Rose Twp. — Keeping elections free and accurate requires a lot of technology, rules and staffing.

On Wednesday, July 25, 27 election workers were trained on the new system Oakland County will be using for the 2018-midterm primary elections.

These workers will handle the township’s three precincts and all absentee ballots.

Workers included several Holly High School (HHS) AP government students, and returning veteran poll workers.

Joseph Rozell, Oakland County elections director, brought everyone up to speed on the new HART Intercivic equipment, in a training class he usually holds at the Oakland County government center. In this case, he made a special trip to the Rose Township offices.

He went over the procedures, and what is different with these new machines.

Some aspects are easier for the workers — these are more forgiving of ballots that have been placed into the box incorrectly. A separate console for hearing- and vision-impaired voters is more user-friendly.

“It explains if you completed your ballot correctly or exactly what errors you have made, if any,” said Rose Township Clerk Debbie Miller.

Voters will find out immediately if their ballot was cast, and if not, why it had an error. This is important during the primary election — splitting the ticket will result in an error message and let the voter recast a ballot correctly.

With this new system, election workers get codes for system access, instead of keys.

As always, the ballots are counted electronically after they are placed in the ballot box. After the election is closed, the modems within the boxes are activated to send results to the county.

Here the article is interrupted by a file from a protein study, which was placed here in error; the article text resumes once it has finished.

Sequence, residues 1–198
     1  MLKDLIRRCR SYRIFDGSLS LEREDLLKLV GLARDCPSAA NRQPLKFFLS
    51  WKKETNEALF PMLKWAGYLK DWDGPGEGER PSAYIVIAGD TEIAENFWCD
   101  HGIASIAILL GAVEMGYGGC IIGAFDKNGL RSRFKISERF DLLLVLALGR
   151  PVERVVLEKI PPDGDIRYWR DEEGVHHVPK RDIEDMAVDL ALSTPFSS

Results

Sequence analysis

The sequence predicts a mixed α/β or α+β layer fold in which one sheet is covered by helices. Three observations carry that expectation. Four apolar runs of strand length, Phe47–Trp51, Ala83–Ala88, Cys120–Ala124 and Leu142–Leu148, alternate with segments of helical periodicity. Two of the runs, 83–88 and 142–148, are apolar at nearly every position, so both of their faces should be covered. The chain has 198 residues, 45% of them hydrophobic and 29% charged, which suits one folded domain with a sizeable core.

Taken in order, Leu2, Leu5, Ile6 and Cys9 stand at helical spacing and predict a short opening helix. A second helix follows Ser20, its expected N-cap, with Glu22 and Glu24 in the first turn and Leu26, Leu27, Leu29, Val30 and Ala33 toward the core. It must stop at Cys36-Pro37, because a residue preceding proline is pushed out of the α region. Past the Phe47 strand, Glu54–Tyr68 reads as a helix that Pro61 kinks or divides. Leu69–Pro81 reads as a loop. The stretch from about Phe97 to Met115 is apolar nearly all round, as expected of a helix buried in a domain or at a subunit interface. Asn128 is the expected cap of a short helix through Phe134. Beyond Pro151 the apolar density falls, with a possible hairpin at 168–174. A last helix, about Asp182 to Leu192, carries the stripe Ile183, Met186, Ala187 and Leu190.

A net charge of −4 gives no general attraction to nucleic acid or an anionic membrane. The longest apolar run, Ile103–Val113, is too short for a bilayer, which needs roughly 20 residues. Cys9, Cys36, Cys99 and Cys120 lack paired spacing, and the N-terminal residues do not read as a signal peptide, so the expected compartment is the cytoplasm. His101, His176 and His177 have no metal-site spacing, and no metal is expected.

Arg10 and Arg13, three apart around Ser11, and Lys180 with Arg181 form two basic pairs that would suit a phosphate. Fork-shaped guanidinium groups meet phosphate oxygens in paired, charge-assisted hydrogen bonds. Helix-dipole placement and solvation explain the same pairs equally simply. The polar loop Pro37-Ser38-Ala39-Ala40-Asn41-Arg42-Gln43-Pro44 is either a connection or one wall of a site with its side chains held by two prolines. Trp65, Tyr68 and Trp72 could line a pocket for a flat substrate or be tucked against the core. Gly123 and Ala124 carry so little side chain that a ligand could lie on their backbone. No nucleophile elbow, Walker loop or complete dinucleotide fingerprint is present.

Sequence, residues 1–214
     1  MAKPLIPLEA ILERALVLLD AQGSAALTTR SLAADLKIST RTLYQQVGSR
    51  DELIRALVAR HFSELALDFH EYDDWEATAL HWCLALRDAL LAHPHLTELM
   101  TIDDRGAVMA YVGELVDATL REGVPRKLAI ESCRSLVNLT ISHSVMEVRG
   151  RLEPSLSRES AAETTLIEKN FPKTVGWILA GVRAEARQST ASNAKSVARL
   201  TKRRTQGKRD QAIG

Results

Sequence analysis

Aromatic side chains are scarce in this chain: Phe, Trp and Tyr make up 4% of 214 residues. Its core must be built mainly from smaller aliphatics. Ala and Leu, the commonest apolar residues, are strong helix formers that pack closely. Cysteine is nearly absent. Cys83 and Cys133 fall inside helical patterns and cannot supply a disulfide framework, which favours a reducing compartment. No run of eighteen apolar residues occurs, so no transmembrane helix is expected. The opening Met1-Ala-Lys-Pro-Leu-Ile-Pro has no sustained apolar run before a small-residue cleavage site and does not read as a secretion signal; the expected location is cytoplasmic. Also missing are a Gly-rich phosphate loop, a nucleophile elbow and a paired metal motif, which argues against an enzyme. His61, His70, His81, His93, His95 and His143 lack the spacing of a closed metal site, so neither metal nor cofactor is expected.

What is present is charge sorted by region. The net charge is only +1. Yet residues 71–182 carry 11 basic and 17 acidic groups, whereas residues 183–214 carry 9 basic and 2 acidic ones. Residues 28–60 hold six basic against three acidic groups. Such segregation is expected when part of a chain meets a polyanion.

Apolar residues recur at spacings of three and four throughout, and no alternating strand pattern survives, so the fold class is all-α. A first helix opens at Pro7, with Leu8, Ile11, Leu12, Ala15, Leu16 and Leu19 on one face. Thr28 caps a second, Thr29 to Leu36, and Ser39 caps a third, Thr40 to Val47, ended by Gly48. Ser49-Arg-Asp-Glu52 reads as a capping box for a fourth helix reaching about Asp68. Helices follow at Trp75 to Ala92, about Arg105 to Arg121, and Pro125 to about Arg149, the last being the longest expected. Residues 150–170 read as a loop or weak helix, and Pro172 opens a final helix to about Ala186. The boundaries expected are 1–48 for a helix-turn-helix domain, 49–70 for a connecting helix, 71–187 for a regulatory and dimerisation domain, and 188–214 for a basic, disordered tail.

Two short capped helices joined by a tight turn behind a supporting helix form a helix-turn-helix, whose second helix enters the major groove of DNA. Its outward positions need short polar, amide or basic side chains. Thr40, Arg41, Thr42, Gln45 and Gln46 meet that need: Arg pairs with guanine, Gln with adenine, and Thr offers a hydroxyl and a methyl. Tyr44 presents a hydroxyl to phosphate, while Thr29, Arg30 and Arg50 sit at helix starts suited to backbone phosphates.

To protect the integrity of the election, three physical tapes of the results are printed before the modems are switched on, creating a hard copy

record before the results are electronically transmitted.

“Michigan Election Law is constantly changing and we must remain knowledgeable of the up-to-date processes,” Miller said.   She said there is a biannual (every two years) certification, and annual classes to keep up with the laws governing elections.

Miller usually seeks HHS AP government students to help as well. “The importance of having the AP Government students is to raise a stronger new generation of voters who will fully understand and participate more fully in the election process and the local community,” Miller said. “These people are our future leaders and we need to make sure they have as much information as we can provide for them so they can do their homework and make an informed decision.”

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